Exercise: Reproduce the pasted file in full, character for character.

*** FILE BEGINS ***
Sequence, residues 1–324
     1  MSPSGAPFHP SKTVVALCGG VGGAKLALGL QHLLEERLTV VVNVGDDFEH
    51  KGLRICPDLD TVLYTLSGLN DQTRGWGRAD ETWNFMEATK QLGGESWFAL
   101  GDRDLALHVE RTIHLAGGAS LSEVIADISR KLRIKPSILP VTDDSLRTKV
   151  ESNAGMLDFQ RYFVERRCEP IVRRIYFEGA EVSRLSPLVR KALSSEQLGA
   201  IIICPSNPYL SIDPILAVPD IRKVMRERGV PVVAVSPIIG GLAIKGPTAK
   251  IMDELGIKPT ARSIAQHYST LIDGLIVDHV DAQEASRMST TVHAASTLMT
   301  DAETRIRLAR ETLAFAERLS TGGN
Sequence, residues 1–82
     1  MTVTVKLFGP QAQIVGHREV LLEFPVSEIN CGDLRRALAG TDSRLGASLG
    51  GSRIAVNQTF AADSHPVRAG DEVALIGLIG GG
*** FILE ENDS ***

Sequence, residues 1–324
     1  MSPSGAPFHP SKTVVALCGG VGGAKLALGL QHLLEERLTV VVNVGDDFEH
    51  KGLRICPDLD TVLYTLSGLN DQTRGWGRAD ETWNFMEATK QLGGESWFAL
   101  GDRDLALHVE RTIHLAGGAS LSEVIADISR KLRIKPSILP VTDDSLRTKV
   151  ESNAGMLDFQ RYFVERRCEP IVRRIYFEGA EVSRLSPLVR KALSSEQLGA
   201  IIICPSNPYL SIDPILAVPD IRKVMRERGV PVVAVSPIIG GLAIKGPTAK
   251  IMDELGIKPT ARSIAQHYST LIDGLIVDHV DAQEASRMST TVHAASTLMT
   301  DAETRIRLAR ETLAFAERLS TGGN
Sequence, residues 1–82
     1  MTVTVKLFGP QAQIVGHREV LLEFPVSEIN CGDLRRALAG TDSRLGASLG
    51  GSRIAVNQTF AADSHPVRAG DEVALIGLIG GG